Maria Baker, professor of medicine in the Division of Hematology/Oncology at Penn State Cancer Institute, explained that while certain elements that define a healthy lifestyle may vary, current recommendations often include regular aerobic activity for about 30 minutes at least five times a week. She added that individuals need to incorporate weight-bearing exercises for each workout session.
Other common suggestions from experts often include the following:
Baker said that not everyone would benefit from genetic testing to confirm a predisposition to certain types of cancer. She commented that it's our responsibility to look into our family and personal history.
It's also up to us to figure out how to tailor screening recommendations. Baker emphasized the importance of communicating with relatives to take note of your family medical history. Having this information is important, so you always have access to data like common disorders and diseases among your family members.
Dr. Sarah Ines Ramirez, a family medicine physician at Penn State Medical Group in Harrisburg, said that in most cases, healthcare professionals would refer to a patient's medical chart. A patient will also need to answer questions about their habits, lifestyle, occupation, where and who they live with. Patients also have to stay updated when it comes to their screenings and developments in their family or personal medical history.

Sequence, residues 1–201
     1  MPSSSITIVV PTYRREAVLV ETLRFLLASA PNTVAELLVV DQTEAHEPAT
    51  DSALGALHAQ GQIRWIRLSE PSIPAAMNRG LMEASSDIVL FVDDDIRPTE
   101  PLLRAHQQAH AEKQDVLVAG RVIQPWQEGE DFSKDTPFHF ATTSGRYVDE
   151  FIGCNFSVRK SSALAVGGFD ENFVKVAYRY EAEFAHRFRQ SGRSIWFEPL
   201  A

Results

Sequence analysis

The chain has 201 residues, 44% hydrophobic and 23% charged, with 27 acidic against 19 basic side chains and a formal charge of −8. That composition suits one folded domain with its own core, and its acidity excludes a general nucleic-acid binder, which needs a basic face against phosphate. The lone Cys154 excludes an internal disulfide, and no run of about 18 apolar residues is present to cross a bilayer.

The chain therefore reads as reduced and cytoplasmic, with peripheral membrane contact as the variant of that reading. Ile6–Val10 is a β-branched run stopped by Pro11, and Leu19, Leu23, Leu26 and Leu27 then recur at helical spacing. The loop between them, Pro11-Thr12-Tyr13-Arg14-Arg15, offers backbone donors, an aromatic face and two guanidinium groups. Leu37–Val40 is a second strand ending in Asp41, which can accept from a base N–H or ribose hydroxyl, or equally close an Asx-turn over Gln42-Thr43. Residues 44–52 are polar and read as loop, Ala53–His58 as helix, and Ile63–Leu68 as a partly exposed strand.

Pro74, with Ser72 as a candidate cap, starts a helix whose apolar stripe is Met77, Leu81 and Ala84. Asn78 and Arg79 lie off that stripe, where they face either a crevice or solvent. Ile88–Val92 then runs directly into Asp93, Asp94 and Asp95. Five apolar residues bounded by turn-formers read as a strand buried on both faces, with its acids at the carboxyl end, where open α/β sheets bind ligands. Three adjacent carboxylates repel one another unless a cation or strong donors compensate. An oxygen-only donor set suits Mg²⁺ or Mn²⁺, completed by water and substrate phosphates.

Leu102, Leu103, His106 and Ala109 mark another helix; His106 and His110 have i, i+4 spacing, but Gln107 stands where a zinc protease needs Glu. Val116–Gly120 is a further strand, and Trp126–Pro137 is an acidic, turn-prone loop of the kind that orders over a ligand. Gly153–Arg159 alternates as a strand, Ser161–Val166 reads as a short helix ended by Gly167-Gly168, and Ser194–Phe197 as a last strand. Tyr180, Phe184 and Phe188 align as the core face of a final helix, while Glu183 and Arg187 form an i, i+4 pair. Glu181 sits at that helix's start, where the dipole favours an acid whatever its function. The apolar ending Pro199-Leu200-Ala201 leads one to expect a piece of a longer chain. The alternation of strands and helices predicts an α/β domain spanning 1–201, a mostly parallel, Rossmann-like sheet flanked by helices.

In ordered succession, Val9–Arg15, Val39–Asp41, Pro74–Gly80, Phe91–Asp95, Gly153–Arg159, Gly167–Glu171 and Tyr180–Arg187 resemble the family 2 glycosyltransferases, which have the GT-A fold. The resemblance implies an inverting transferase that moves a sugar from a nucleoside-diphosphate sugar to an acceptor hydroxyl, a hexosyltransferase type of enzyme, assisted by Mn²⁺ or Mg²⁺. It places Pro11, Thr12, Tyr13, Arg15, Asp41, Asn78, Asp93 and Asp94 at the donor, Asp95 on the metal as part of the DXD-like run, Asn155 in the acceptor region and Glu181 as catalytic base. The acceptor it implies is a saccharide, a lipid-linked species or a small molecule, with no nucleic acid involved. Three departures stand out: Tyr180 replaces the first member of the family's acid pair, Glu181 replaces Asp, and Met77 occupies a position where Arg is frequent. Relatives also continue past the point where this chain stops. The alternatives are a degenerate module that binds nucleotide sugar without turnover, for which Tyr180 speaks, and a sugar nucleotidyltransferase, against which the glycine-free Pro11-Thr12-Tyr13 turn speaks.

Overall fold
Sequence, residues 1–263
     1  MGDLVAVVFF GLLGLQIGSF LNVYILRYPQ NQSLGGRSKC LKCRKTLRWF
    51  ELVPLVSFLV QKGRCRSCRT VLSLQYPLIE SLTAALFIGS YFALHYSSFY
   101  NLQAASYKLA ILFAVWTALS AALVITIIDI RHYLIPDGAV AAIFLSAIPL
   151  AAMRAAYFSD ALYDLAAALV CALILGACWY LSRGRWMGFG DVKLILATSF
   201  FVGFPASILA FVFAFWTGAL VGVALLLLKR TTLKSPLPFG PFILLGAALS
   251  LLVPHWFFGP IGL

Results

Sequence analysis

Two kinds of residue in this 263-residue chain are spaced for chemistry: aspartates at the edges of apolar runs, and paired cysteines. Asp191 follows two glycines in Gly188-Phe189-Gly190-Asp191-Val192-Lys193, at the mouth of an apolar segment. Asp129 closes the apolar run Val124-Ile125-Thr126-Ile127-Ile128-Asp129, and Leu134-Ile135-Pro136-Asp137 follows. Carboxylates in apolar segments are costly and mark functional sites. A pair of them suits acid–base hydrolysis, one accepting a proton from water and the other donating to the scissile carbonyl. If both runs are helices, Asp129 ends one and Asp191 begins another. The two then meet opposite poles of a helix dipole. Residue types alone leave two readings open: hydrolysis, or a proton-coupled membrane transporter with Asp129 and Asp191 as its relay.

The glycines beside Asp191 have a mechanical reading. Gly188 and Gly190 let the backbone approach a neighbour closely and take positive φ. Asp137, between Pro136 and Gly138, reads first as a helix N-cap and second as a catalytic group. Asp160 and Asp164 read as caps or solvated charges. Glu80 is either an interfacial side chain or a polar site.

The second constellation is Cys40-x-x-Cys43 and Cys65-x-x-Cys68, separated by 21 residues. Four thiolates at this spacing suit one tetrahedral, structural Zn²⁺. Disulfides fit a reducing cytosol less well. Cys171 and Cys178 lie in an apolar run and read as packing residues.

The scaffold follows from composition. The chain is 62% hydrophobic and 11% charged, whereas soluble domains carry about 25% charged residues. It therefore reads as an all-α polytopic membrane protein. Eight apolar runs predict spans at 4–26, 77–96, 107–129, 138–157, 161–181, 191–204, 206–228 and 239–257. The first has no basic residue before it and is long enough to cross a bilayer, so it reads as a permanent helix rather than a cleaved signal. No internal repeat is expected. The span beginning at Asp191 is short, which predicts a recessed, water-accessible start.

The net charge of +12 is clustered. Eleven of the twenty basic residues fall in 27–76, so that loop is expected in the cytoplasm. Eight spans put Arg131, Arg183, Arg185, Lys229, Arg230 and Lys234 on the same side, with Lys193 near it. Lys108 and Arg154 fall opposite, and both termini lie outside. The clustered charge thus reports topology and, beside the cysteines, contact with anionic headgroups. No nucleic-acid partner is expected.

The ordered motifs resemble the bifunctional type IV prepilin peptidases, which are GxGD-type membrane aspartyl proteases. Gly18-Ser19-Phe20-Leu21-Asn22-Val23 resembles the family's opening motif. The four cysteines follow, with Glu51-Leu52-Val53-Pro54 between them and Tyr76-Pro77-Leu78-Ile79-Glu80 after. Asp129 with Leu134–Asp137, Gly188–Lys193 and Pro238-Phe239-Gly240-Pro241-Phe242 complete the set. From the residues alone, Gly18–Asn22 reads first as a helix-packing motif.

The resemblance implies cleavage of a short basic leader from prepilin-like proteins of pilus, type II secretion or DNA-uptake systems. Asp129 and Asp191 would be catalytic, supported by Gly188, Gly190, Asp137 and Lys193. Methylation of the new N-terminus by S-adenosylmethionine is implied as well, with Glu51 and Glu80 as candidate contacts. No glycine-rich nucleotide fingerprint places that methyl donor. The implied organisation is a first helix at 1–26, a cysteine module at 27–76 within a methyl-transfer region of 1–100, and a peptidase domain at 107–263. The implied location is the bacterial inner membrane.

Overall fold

Although not all patients are aware of the importance of discussing habits like alcohol consumption and smoking or data like body mass index (BMI) and menstrual patterns, these factors often help healthcare professionals monitor screenings that can help catch or prevent cancers at an early stage.
For example, even if you don't smoke you may be at risk for lung cancer if you are regularly exposed to secondhand smoke.
Dr. Ramirez pointed out that healthcare professionals must also be familiar with certain differences in factors that determine cancer risks among the populations they serve. For example, while cervical cancer rates are highest in Latin women, most casualties occur among African Americans. Dr. Ramirez added that African-American women with breast cancer tend to have more aggressive forms of the disease during diagnosis. (Related: 4 Ways to Lower Stress and Prevent Breast Cancer.)
Dr. Ramirez noted that healthcare professionals would benefit from making an effort to learn more about their patients. She also noted that even those who don't regularly consult a healthcare professional could be more active when it comes to their health by inquiring about their family health history, asking if they require any preventative treatments, and being honest with a healthcare expert.
She concluded that patients who have certain concerns or worries shouldn't be afraid to ask healthcare professionals any questions that they might have. After all, prevention is always better than cure.
Here are other lifestyle tips that can help lower your risk of cancer:
You can learn more about cancer and how a healthy lifestyle can help prevent it at Cancer.news.